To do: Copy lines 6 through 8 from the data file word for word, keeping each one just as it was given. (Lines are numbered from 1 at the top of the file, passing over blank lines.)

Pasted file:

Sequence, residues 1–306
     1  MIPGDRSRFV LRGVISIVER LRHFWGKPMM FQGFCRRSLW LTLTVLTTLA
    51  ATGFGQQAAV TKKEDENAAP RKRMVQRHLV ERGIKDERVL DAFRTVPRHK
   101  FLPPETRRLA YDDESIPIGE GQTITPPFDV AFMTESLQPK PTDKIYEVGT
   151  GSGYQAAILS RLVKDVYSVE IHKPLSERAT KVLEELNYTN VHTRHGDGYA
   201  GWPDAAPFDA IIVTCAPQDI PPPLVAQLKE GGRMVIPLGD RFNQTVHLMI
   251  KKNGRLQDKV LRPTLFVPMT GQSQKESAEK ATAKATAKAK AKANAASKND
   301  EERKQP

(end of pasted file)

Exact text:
   201  GWPDAAPFDA IIVTCAPQDI PPPLVAQLKE GGRMVIPLGD RFNQTVHLMI
   251  KKNGRLQDKV LRPTLFVPMT GQSQKESAEK ATAKATAKAK AKANAASKND
   301  EERKQP